Local electeds and 9/11 first responders lobby for extension of Zadroga Act

Anchored in personal testimony and aimed at protecting future first responders, local elected officials and members of the NYPD—including 9/11 first responders and their families—gathered at Bay Ridge’s BRAVO headquarters to rally support for a permanent extension to the Zadroga Act , a bill passed in 2011 meant to provide treatment for those suffering with 9/11-related health issues.

The act, established in honor of James  Zadroga, an NYPD officer who died of respiratory complications following his rescue and recovery work at Ground Zero, established the World Trade Center (WTC) Health Program—a multi-pronged health system that works to provide services for rescue and recovery workers, survivors (those who lived, worked or went to school in lower Manhattan on 9/11) and responders at the Pentagon and the Shanksville, Pennsylvania, crash site.

However, while the act outlines compensation and program procedures through fiscal year 2015, it ends there.

“We must permanently reauthorize the Zadroga Act, for it was during the worst terrorist attack on American soil in the history of our democracy that our first responders were there and stood strong in the face of danger,” said State Senator Martin Golden, a former NYPD officer. “And now, 14 years later, their health continues to deteriorate because they were not afraid to put their own lives on the line for others. We must take care of these American heroes always.”

Several first responders spoke about their experiences after the attacks and specifically spoke about how the WTC Health Program came to their aid.

Retired Detective John Muller told the crowd about the months he spent sifting through the remains and debris encompassing the World Trade Center after 9/11. Through the WTC Health Program he was able to receive regular monitoring,  which led to his eventual lung cancer diagnosis earlier this year. Muller is currently undergoing chemotherapy funded by the WTC Health Program.

Joseph Zadroga, James’ father, was also in attendance.

“Upon his grave, I made a promise that we will tell his story of what happened,” Zadroga said of his son. “Prior to his passing, he was losing his house, his medical bills were over $1,000, sometimes $2,000 a week. They ate sauce and spaghetti for two weeks so that their baby could have formula.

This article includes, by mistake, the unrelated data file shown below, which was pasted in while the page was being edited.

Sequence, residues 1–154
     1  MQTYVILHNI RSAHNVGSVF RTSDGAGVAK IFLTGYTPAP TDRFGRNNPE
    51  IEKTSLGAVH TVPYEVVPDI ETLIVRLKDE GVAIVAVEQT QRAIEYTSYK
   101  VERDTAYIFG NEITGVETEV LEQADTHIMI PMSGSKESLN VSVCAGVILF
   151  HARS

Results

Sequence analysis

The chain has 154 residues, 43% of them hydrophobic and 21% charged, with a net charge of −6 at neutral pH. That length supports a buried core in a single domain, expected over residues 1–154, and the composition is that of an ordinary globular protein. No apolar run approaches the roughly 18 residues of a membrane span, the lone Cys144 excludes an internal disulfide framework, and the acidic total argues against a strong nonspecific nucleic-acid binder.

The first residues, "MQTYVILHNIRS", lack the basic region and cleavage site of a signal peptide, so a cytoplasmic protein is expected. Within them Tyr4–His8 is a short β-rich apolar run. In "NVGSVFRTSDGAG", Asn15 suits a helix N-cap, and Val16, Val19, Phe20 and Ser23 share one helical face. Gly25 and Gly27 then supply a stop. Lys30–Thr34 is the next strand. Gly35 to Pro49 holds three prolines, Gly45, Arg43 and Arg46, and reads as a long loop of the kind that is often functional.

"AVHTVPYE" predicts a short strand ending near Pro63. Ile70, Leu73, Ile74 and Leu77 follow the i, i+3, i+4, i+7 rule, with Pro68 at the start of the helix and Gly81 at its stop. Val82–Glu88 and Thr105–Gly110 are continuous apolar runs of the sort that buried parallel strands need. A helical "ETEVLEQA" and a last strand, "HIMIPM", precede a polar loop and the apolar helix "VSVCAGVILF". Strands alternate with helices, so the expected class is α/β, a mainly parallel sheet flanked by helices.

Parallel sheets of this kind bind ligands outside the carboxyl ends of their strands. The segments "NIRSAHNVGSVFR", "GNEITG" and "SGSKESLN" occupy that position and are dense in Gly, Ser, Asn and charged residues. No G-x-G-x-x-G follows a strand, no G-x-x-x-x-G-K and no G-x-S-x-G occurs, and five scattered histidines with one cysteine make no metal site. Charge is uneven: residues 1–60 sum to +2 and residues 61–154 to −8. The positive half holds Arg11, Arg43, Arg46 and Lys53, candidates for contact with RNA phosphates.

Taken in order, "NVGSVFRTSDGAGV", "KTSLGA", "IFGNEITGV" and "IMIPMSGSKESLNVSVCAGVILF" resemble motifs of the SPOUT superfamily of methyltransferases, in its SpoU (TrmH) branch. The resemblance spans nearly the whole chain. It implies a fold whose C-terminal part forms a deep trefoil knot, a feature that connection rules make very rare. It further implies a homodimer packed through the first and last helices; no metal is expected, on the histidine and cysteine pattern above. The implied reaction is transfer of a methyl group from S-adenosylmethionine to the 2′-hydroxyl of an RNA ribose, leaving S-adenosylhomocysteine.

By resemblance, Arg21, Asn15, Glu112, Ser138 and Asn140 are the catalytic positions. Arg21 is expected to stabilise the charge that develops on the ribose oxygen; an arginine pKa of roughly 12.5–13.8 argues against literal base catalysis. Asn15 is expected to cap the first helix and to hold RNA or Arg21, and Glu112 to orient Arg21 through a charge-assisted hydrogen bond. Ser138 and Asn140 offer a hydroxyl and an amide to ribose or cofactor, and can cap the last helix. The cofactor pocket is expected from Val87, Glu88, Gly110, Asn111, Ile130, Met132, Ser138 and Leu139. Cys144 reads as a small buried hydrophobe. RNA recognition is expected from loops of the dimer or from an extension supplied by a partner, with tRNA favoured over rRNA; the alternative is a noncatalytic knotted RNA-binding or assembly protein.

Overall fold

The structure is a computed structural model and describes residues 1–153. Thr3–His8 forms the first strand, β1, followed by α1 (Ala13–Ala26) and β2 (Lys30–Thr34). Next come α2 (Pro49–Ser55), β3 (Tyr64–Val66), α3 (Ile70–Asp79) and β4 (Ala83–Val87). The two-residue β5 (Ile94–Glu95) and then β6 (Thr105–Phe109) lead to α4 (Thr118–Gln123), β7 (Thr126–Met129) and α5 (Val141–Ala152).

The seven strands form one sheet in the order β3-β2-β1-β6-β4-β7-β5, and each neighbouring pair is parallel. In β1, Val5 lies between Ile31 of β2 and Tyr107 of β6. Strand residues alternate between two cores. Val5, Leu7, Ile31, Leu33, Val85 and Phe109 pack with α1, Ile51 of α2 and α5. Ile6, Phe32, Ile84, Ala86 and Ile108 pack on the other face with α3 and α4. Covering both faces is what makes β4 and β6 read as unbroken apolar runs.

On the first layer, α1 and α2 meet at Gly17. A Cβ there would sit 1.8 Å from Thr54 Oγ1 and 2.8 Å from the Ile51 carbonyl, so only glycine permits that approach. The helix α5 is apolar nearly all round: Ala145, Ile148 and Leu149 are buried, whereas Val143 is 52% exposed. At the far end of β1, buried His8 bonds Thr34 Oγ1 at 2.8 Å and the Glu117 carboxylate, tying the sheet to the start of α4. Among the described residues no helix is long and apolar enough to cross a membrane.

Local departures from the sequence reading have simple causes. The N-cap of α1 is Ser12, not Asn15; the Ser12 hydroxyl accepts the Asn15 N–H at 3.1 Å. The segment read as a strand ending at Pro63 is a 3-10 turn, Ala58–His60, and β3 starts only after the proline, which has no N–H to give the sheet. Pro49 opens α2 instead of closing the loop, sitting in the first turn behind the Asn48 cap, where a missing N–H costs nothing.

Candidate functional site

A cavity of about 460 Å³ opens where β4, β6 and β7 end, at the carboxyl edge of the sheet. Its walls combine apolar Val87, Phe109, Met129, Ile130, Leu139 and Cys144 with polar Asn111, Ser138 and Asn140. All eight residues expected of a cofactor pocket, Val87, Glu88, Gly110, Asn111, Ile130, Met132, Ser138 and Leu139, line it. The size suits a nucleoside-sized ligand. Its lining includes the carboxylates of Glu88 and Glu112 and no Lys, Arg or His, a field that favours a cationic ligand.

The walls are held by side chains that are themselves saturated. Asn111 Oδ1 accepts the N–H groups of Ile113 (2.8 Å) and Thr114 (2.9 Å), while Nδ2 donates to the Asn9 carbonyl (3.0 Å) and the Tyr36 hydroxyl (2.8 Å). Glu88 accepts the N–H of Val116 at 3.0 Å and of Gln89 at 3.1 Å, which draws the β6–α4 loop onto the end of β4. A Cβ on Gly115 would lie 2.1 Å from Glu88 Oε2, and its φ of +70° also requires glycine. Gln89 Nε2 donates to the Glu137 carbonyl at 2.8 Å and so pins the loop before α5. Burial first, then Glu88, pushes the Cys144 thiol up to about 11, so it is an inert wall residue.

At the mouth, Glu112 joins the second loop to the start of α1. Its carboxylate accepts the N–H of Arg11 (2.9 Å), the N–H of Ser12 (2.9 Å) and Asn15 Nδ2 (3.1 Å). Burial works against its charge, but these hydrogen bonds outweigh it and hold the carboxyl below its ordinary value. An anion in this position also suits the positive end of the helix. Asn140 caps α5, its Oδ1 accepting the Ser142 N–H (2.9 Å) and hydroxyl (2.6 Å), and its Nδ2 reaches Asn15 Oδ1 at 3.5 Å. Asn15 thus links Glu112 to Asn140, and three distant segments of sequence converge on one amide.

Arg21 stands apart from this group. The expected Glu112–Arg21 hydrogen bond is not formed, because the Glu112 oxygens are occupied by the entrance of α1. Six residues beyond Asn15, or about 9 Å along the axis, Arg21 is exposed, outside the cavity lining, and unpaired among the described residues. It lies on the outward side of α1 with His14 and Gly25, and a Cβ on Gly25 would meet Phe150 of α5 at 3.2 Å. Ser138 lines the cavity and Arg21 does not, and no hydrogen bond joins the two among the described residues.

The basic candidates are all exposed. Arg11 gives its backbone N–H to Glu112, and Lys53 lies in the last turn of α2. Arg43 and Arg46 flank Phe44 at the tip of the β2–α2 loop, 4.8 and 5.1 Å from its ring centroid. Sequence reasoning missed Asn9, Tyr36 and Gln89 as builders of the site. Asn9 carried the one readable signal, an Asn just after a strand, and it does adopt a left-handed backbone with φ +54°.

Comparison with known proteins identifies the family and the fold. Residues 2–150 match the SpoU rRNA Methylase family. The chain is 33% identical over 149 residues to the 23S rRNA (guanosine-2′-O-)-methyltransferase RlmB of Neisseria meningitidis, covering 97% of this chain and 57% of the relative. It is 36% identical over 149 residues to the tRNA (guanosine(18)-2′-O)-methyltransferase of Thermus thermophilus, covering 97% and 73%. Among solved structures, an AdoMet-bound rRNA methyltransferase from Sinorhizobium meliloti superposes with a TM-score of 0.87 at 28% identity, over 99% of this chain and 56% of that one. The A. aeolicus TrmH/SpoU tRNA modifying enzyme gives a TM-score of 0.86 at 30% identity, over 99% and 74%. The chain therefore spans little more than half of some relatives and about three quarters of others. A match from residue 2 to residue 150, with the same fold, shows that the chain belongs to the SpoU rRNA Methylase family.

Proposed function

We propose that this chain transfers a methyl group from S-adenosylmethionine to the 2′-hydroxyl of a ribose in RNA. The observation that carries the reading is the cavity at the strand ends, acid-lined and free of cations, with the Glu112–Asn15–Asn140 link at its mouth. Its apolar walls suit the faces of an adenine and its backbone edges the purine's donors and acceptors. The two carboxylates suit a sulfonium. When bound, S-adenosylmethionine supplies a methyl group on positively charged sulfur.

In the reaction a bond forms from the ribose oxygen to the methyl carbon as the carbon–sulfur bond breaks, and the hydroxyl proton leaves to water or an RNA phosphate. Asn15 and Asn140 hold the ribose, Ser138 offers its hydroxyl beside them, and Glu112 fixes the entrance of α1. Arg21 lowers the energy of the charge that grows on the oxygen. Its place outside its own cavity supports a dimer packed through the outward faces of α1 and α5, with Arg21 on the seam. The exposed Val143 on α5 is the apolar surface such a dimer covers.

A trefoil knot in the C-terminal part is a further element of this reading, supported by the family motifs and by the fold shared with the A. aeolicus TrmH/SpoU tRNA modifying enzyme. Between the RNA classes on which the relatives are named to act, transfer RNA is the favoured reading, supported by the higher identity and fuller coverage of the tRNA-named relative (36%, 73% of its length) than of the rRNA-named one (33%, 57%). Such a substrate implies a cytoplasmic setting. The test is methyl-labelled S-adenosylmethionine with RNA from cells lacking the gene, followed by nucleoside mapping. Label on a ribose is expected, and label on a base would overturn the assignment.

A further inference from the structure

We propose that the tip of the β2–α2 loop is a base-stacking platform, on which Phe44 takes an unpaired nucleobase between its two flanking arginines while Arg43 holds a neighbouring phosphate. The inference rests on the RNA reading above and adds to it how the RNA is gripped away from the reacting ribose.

“The reason I tell you this,” he continued, “is because that’s what it’s going to revert to if this bill is not extended. First responders will be eating buttered rolls and spaghetti so that their family and babies can have formula, so that they don’t lose their homes and their cars. That’s why [this is] important. That’s why, for the past 10 years, I’ve been coming forward telling this story; because I don’t want to see other first responders going through what my son and his family went through.”

“We came together today to focus on the heroes who selflessly rushed toward death and destruction in the aftermath of the 2001 attacks,” said Congressmember Dan Donovan. “Many will pay for their heroism for the rest of their lives; some have already paid with their lives. Their stories speak louder than any of us standing behind a podium. It is cancer victims like retired Detective John Muller and widows like Jacqui Lopez who are the most forceful voices in support of a permanent Zadroga Act; I thank them for their time, their words, and – most of all – their sacrifice.”

Also at the press conference were Long Island Congressmember Peter King, Assemblymember Nicole Malliotakis and Patrolmen’s Benevolent Association President Patrick Lynch.

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